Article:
So, the City of Sydney is going to spend $9 million dollars on three pieces of public art, and the townsfolk are in a tiz. The outcry of negatives is strong, that the government should spend money on public health,housing or a myriad of other things; not art for goodness sake, not culture.

There is  an even bigger outcry of disgust on the sheer lack of artistic merits of the chosen pieces of said art-what’s worse, a crime of spend or a crime of aesthetics?

Junya Ishigami’s “Cloud Arch” -image courtesy City of Sydney
Junya Ishigami’s “Cloud Arch” -artist impression image courtesy City of Sydney

It seems the least disagreeable piece is Junya Ishigami’s ‘Cloud Arch’ planned for the Town Hall square on George Street. At 50 metres high, the sinuous steel plated arch construction will see curved lines in two directions  to create an archway  over George St that will change shape depending on the viewer’s perspective.

Ishigami describes the background to his design; ”Green, Global and Connected are the characteristics of the new Sydney, and this new public space about to be created in George Street will be the exact manifestation of these qualities…The Cloud is that new symbol, comprehensible to all. The Cloud evokes comfort, openness and freedom. Through freedom, it is connected to cloud computing which, in turn, links to the quality of ‘Connected City’ so important to Sydney.”

How ironic then that the next piece  is called The Distance of Your Heart by Tracey Emin, based on the premise that, unlike Ishigami and his focus on the connected city , Emin sees Australia as very distant from the rest of the world.

‘’As my artwork I would like to make a counter site in Sydney for the young, the old, the backpackers, the tourists and the businessmen and women; somewhere else they can have their image taken to send back to the loved ones that they miss, that conveys the feelings of distance and homesickness. This I would see as the other place to be photographed to let the people you love know you are missing them.’’  In fairness Tracey we’re not all lost tourists here at the ends of the earth, but we get the point.

Tracey Emin -bird figure from The Distance of Your Heart
Tracey Emin -bird figure from The Distance of Your Heart

Emin’s 60 handmade bronze bird sculptures  will perch on doorways and awnings on Bridge Street, Grosvenor Street and the Kent Street underpass.Described by Emin”s as, “simple, straightforward and accessible to everybody- it is the opposite of monumental and overpowering.” The good news is that these birds are perfect nick-able size for those lost and lonely tourists and backpackers to take home as pocket-size souvenirs-far better than any postcard.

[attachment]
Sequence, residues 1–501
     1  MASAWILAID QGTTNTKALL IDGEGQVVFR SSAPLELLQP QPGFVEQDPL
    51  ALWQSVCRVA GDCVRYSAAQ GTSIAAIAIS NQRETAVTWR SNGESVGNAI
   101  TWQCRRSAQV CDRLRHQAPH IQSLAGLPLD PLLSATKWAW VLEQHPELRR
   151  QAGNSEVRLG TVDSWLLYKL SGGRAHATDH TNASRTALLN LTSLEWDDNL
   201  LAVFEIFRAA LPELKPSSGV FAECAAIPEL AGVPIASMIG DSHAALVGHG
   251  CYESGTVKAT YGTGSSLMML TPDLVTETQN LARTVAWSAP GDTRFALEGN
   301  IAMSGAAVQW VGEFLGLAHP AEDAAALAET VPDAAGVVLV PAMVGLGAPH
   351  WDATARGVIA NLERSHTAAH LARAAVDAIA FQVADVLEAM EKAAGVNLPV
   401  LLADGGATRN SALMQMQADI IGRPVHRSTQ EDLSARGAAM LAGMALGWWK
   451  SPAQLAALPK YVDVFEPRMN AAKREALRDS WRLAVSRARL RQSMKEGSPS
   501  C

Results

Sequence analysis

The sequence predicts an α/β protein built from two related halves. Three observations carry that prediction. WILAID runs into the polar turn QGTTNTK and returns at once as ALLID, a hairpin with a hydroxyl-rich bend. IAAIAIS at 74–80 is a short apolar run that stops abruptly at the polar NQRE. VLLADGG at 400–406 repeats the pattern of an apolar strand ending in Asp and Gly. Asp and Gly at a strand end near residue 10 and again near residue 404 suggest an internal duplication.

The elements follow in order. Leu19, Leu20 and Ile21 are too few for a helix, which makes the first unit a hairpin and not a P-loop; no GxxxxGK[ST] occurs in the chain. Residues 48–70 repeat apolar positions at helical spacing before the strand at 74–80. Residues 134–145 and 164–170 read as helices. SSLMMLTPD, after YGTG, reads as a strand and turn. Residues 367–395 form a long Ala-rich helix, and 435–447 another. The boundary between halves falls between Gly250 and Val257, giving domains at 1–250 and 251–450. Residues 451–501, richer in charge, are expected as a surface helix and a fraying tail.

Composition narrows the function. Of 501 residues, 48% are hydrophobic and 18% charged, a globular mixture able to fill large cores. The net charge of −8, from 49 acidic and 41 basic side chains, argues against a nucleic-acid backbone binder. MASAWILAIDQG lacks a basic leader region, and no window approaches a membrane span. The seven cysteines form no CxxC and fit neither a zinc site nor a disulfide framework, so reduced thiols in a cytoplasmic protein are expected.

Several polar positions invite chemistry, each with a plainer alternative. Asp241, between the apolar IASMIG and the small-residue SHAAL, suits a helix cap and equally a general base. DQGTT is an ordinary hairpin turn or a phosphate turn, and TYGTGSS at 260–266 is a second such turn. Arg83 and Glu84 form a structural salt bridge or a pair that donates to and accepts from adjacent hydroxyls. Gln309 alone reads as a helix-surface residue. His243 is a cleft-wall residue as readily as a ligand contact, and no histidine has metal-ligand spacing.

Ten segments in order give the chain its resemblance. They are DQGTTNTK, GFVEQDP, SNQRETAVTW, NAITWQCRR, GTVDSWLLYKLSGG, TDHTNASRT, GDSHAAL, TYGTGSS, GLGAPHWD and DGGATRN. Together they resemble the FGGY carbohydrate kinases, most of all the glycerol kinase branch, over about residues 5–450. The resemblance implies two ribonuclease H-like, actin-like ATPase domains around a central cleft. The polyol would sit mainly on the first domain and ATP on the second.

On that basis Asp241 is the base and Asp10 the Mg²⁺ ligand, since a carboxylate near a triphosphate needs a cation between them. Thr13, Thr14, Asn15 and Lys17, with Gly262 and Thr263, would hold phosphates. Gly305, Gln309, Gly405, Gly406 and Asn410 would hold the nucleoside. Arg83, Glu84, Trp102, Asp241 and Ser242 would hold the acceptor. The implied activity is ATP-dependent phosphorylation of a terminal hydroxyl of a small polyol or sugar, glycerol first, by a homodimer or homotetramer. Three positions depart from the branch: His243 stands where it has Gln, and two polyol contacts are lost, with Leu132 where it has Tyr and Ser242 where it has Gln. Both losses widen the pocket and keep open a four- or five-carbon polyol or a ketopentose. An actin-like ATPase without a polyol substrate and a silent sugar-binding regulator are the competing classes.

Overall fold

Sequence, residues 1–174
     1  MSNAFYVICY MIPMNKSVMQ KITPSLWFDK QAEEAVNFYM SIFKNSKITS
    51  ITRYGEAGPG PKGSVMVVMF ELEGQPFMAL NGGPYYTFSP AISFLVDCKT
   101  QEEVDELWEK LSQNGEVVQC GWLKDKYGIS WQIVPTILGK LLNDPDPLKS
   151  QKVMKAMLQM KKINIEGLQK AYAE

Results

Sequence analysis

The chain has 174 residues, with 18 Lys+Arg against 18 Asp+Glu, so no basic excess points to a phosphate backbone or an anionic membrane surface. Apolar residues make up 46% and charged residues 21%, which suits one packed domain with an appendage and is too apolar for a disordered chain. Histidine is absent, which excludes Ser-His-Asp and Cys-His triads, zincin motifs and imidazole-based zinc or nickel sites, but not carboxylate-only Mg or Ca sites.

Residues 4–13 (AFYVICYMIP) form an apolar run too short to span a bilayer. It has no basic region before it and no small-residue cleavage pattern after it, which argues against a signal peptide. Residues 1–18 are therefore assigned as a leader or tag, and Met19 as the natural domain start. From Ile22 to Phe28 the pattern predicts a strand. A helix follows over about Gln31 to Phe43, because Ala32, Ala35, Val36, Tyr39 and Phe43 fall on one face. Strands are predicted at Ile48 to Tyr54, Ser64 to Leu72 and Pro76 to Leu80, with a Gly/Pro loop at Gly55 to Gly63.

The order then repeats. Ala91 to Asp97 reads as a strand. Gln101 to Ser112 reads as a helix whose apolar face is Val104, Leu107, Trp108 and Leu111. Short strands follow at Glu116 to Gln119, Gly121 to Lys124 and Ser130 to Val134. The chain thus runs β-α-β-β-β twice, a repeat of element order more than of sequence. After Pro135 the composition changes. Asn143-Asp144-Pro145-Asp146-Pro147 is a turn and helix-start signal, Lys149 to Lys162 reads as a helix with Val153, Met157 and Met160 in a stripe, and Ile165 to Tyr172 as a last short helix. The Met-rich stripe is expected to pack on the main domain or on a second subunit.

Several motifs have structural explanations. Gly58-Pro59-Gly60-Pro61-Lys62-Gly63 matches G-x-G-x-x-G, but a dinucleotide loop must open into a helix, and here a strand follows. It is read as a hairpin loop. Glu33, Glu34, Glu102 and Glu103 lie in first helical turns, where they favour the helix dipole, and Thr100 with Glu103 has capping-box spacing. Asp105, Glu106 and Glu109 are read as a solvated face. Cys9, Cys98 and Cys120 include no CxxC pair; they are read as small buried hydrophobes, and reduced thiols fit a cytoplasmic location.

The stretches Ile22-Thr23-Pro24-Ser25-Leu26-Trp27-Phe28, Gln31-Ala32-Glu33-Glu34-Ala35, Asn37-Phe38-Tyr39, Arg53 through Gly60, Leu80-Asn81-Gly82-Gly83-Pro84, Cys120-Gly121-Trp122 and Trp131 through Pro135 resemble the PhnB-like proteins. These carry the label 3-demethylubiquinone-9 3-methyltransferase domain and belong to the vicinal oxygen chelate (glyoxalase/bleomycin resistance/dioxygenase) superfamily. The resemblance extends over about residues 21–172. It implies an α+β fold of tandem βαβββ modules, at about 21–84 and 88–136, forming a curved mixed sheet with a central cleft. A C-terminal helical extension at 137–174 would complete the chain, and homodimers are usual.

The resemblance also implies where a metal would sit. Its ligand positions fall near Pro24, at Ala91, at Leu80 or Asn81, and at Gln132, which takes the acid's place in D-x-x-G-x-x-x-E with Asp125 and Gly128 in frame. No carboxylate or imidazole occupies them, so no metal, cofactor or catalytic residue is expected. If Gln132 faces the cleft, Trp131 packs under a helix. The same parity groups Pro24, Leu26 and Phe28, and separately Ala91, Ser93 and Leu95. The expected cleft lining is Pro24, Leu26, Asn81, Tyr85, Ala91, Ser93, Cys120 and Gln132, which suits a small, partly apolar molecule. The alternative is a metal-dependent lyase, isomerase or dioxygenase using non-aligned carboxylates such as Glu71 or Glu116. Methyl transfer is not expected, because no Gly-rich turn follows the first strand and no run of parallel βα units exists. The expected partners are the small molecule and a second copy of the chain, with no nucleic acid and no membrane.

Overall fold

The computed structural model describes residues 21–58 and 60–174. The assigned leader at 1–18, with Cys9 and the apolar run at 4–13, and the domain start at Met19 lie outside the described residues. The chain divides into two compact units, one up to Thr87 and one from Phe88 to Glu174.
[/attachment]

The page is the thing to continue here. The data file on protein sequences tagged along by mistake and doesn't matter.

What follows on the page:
Emin’s work is probably not the ace in our public art hand,and  it’s hard not to see this one as tokenist at best. Let’s face it- the birds will survive about a month on the doorways if they’re lucky.

Yet it’s not Emin’s work that’s really got the Sydneysiders rocked, by far the most controversial piece in Moore’s collection is the Hany Armanious piece Pavilion.

Hany Armanious Pavillion -image courtesy of City of Sydney
Hany Armanious Pavillion -image courtesy of City of Sydney

The Pavilion will  be installed in Belmore Park and is essentially an oversized , upside down,  bright blue milk crate which bought guffaws of shock and horror from many Sydneysiders. Guffaws of shock and horror from a country that brought us the Big Banana , The Big Pineapple and The Big Merino……now we’re outraged?Are we really in a position to take the artistic moral high-ground on this one? At least Armanious is taking a concept and giving it some greater meaning than its over-sized counterparts.

Armanious means the work to be tongue in cheek: “It speaks to the ‘every man’ in its familiarity in our lives and it’s demarcation of territory. This is a bold interpretation of a public meeting space, a pavilion for all, a place for contemplation and repose, but also performance, community gatherings, and ceremony- ‘nothing fancy’, while remaining quite special in its own unique way.’’Measuring 13.7 metres high by 15 x 15 metres at the base the piece is planned to be a grandiose and extravagant public oasis.

And lets look at the upsides RSVP has just found its new meeting point for blind dates, inner west lefties will now know exactly where to meet as they prepare for their next protest March, and children of the inner city have now got themselves a great new playground.

Anish Kapoor Cloud Gate, 2006 Image courtesy of
Anish Kapoor Cloud Gate, 2006 Image courtesy of

Anyone who knows Anish Kapoor’s Cloud Gate (2006) will remember how much the Chicago public hated it when it was first installed, yet now it is a valued part of the city. Remember too Jeff Koon’s Puppy sculpture outside MCA in 1995-1996 –it bought 1.8 millions viewers into Sydney just to see it. There’s always value here if we chose to see it.

Invariably the public art debate is  an argument with no winners. There are always the supporters and always the detractors and there are always those who think that government money could be better spent. And of course they are all quite right,but as Pablo Picasso said, “Art washes away from the soul the dust of everyday life,” and that’s got to have some value too, no?

Pablo Picasso
Pablo Picasso


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